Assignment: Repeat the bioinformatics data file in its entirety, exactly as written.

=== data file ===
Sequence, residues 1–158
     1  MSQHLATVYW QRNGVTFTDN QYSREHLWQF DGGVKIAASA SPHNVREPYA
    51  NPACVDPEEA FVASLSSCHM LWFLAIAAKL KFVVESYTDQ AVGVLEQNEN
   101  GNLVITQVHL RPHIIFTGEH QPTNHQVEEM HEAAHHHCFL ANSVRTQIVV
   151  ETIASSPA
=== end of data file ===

Sequence, residues 1–158
     1  MSQHLATVYW QRNGVTFTDN QYSREHLWQF DGGVKIAASA SPHNVREPYA
    51  NPACVDPEEA FVASLSSCHM LWFLAIAAKL KFVVESYTDQ AVGVLEQNEN
   101  GNLVITQVHL RPHIIFTGEH QPTNHQVEEM HEAAHHHCFL ANSVRTQIVV
   151  ETIASSPA